2013-2015 Engaged Program

 

Program of Design

Art, Art History, and Design

The Program of Design in the Department of Art, Art History, and Design became the first engaged program, with a formalized three-year commitment. 

Two Design Program faculty members, Ann-Marie Conrado and Robert Sedlack, were invited to lead this initiative. During year one of the EPI, the Center supported their work in particular. In the next two years, support was directed toward the engaged scholarship of other Design Program faculty and students. Conrado and Sedlack provided community engagement opportunities for students both locally and internationally.

Professor Sedlack received funds from the Center for his anti-xenophobia work in South Africa, Together+. He was involved in a number of other engaged learning efforts, including an AIDS campaign in South Africa and the redesign of space and materials for the St. Joseph County Juvenile Justice Center (JJC). Sedlack’s course, Graphic Design 3: Affecting Positive Social Change, worked on one or two local projects each fall. Former projects have been done with the Center for the Homeless, Potawatami Zoo, and the Northern Indiana Center for History.

As a Center Faculty Fellow, Conrado’s engaged work focused on strengthening her collaboration with the Center’s International Summer Service Learning Program (ISSLP) by involving her students in her own work in Nepal and by bringing Nepalese design faculty to teach on campus. Through Center for Social Concerns fair trade internships, students help artisan communities compete in the global marketplace, including providing annual trend data to the Association for Craft Producers design team to aid in developing its own design capacity. Under Conrado’s guidance, the students from the International Summer Service Learning Program of the Center have also designed a variety of products for Nepal such as a rapid deploy shelter for refugee families and a self-sterilizing umbilical cord cutter to reduce infant mortality.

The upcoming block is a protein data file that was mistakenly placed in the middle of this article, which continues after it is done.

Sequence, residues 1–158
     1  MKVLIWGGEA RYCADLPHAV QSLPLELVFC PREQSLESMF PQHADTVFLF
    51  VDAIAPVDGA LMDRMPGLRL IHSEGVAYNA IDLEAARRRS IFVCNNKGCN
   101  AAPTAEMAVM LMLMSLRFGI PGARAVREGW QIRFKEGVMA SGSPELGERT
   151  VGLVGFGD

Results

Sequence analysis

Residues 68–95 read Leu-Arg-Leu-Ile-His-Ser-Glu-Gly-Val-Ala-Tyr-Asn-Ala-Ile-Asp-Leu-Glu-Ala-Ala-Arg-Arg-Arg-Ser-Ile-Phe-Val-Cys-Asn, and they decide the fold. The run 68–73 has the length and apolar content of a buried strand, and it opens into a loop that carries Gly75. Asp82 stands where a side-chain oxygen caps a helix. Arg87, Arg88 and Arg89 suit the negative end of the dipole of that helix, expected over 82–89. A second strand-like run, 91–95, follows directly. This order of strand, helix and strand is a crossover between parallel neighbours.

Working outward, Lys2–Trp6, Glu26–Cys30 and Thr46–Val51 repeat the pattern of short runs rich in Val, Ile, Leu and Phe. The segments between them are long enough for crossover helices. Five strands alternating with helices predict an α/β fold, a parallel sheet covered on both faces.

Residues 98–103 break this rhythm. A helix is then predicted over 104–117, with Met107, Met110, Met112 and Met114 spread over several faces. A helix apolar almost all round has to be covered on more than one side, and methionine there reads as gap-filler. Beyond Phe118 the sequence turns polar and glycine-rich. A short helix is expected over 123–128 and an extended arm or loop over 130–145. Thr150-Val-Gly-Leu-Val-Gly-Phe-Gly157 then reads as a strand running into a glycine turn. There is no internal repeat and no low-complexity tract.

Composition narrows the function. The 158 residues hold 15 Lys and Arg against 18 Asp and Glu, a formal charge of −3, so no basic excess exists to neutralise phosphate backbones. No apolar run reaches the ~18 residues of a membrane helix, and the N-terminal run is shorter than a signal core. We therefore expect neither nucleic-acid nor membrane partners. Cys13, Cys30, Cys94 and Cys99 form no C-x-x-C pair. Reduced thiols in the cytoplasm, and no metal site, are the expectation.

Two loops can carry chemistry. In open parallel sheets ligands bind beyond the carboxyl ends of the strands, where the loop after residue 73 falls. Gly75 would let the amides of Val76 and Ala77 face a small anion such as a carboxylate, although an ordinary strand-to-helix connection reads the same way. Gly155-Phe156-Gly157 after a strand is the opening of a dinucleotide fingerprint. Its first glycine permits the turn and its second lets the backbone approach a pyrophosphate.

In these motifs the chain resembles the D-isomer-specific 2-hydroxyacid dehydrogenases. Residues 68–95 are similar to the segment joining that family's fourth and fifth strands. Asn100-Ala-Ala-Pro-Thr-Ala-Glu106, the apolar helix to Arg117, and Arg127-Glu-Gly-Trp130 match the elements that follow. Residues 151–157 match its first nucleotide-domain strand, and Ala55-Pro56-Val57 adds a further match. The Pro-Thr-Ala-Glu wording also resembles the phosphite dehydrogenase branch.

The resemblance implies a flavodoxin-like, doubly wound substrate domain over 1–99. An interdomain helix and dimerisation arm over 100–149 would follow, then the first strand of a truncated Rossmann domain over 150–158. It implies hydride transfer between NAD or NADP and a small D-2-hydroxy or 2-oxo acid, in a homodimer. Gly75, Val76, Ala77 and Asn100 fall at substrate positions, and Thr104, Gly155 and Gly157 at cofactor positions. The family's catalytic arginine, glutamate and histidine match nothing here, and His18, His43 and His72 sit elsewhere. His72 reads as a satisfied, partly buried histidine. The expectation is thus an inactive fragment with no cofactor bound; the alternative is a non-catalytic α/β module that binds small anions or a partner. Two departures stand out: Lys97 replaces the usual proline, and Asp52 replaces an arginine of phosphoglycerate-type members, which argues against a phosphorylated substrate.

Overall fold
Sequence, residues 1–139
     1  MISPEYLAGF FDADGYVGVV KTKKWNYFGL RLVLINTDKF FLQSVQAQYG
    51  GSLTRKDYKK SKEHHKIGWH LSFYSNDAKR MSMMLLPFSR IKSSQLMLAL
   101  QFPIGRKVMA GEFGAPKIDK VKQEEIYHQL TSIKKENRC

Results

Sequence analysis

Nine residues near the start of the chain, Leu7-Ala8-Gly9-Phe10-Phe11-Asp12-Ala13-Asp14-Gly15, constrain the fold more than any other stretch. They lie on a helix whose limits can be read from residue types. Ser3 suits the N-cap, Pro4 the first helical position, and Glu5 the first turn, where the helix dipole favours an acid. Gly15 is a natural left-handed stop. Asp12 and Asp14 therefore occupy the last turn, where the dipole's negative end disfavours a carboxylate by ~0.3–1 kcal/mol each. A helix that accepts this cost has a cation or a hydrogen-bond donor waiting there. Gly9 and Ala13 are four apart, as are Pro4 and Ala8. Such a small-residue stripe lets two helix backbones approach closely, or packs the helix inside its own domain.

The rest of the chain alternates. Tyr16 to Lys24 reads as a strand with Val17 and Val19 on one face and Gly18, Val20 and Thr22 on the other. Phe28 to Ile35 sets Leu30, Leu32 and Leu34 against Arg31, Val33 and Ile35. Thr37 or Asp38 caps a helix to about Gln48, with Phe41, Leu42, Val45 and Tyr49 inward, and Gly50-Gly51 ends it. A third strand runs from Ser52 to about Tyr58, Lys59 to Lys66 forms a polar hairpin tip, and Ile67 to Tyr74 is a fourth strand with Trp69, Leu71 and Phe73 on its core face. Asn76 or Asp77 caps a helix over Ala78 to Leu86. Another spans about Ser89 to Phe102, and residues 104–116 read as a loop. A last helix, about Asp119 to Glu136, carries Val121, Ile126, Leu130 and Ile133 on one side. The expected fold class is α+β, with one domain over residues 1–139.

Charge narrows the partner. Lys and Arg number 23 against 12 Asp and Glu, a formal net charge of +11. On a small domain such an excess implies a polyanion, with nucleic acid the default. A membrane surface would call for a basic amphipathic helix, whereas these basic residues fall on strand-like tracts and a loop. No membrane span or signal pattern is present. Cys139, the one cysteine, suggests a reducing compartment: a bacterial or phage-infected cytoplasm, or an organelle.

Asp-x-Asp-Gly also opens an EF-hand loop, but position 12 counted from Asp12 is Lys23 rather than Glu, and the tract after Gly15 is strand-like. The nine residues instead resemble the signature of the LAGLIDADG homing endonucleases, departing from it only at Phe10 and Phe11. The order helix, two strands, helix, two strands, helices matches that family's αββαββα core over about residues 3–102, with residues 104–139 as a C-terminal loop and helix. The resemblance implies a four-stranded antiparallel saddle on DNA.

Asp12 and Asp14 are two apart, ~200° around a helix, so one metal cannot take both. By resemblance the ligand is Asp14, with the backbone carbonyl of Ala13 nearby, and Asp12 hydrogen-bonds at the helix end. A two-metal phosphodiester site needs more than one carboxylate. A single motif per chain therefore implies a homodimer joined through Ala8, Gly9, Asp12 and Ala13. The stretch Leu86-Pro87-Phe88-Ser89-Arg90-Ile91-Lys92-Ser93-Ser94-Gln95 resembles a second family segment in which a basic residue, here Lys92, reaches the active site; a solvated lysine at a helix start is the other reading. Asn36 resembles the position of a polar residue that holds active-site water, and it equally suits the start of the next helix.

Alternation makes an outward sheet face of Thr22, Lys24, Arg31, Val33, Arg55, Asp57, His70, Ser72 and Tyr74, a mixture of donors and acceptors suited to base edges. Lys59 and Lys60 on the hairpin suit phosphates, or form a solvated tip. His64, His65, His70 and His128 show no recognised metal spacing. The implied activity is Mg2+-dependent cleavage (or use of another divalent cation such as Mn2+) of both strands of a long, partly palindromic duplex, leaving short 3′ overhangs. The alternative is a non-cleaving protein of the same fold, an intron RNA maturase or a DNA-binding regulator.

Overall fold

Recent results from the Program of Design’s engaged work have also been local and international. Sedlack’s students assisted in the transformation of the South Bend JJC by providing design recommendations for physical spaces and a number of its materials. The students’ designs have and will continue to be critical in obtaining grants and funding for implementation. Moreover, under the vision of the JJC’s executive director, the process involved in developing these recommendations helped to build within the JJC the capacity to view its facilities and information from the lens of user-experience. This has initiated a change in the organizational culture around services to its users. Internationally, since 2013 the Together+ anti-xenophobia campaign has piloted a related curriculum and books in five Catholic Schools. In the summer of 2013, students from the Center’s ISSLP supported the pilot of the program through classroom observations. The results of the pilot will be used in the approval process for the use of the curriculum in Catholic schools in South Africa nationally. Also, based on her work with the Association for Craft Producers, Conrado received an $86,000 grant from the U.S. Department of State Innovation Fund to create a product design curriculum for Katmandu University and began that work this past year.